The station was very quiet, which didn’t surprise me for a Sunday evening. There were a handful of departures leaving that evening, including my service to London Euston. I found some station staff to ask when the train would arrive and when boarding would start, though was told that the 7 p.m. boarding might be slightly delayed.
Staff also advised me that I could use the lounge, which was outside of the station and across the road. When I arrived, I was pleasantly surprised by a modern, well-maintained waiting room, which also had three showers available for passengers.
It was stocked with biscuits, crisps as well as a coffee machine, teas and water. Passengers booked in Double and Club rooms can use the lounge, and the friendly lounge agent told me he’d advise us when it was time to head back to the station for boarding.
Though the lounge agent flagged that things were running behind schedule, I left the lounge at 7 p.m. to head back to the station.
It was a pretty chilly evening and passengers were standing on the platform waiting for the train doors to be opened. There were no staff or announcements, but the train was there and it looked prepared and light up.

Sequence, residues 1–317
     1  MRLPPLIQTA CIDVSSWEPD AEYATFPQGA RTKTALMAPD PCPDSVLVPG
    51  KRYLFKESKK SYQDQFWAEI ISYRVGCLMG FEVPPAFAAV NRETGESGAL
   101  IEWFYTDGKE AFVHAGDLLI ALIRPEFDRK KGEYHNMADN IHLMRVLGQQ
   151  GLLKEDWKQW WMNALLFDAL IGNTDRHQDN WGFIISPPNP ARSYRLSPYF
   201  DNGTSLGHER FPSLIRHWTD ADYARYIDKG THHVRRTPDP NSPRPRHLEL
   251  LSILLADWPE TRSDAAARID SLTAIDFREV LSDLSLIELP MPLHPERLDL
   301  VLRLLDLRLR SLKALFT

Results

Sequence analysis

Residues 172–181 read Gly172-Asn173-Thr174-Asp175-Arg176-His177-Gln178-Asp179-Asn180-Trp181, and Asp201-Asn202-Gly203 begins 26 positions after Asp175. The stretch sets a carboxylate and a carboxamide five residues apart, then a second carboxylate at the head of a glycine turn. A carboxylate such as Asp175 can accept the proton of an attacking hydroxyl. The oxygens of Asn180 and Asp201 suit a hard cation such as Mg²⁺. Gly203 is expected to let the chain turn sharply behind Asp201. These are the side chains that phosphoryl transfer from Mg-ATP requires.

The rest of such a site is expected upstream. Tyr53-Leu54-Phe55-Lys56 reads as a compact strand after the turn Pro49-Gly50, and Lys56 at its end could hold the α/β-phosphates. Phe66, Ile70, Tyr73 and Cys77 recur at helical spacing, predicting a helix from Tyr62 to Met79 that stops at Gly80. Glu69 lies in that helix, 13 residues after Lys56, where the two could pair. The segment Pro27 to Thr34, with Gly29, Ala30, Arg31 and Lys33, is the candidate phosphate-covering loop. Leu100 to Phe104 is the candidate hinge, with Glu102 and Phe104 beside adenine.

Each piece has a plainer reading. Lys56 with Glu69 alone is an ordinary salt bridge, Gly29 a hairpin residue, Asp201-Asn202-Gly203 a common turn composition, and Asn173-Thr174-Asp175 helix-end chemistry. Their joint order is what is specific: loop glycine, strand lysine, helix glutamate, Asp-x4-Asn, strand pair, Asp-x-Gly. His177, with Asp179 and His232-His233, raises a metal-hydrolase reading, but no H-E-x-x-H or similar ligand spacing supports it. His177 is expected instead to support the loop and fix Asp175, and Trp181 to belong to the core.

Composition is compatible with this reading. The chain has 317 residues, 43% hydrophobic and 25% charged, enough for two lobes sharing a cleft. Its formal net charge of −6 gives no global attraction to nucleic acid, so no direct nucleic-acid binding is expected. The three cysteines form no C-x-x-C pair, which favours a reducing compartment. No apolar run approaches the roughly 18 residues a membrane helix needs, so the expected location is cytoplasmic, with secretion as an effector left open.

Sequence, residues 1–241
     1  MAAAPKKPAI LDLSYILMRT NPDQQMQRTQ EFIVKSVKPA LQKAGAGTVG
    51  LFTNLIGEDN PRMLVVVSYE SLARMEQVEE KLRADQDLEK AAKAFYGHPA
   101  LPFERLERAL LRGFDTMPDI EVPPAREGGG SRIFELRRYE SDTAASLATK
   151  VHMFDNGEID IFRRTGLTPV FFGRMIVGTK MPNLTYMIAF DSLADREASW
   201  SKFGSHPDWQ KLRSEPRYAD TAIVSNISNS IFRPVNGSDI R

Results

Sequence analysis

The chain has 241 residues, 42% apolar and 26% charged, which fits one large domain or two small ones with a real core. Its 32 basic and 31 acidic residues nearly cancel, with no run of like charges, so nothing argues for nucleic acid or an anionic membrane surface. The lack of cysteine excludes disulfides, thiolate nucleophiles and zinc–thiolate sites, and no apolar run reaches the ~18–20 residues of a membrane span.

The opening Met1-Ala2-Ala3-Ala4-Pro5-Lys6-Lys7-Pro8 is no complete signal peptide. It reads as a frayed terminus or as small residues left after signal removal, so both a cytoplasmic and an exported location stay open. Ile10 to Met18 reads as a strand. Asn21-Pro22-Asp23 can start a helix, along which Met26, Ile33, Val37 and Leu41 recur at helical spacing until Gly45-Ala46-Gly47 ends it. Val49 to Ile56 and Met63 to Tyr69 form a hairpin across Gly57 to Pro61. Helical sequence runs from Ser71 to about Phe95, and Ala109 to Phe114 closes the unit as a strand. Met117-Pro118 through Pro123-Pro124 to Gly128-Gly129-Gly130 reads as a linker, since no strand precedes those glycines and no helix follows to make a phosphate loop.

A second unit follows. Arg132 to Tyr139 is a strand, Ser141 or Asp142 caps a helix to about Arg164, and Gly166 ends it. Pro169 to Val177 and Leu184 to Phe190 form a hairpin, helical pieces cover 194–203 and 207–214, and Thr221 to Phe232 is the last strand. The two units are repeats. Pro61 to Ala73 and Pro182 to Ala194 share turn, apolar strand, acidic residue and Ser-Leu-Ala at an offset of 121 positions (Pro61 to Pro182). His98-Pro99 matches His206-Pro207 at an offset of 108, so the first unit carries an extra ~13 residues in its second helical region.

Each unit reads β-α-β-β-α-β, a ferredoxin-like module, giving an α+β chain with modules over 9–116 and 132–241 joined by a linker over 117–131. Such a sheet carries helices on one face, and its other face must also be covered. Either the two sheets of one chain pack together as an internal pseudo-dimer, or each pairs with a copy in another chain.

I managed to get a peek into the carriage that had the standard seats as well as the restaurant cars and one of the bedrooms from the outside.
Whilst the carriages looked all modern and recently refurbished, the actual engine pulling the train looked somewhat out of place in terms of age compared to the rest of the train.
As 7:35 p.m., our scheduled departure time, came and went, staff didn’t communicate any updates on the status of the train. Some of the passengers were getting understandably annoyed — not least because there had reportedly been some reliability issues.
A few minutes later, the local manager appeared and told us that there was a technical issue being worked on and suggested we head to the heated waiting room in the station or the bar inside the station.
Just after 8 p.m., he gave a few of us the update that there were two issues: one with heating and one with toilets, and that engineers were on board to fix it. He suggested that the restaurant cart might not be able to be in service as the heating issue could be related to the kitchen or that particular carriage.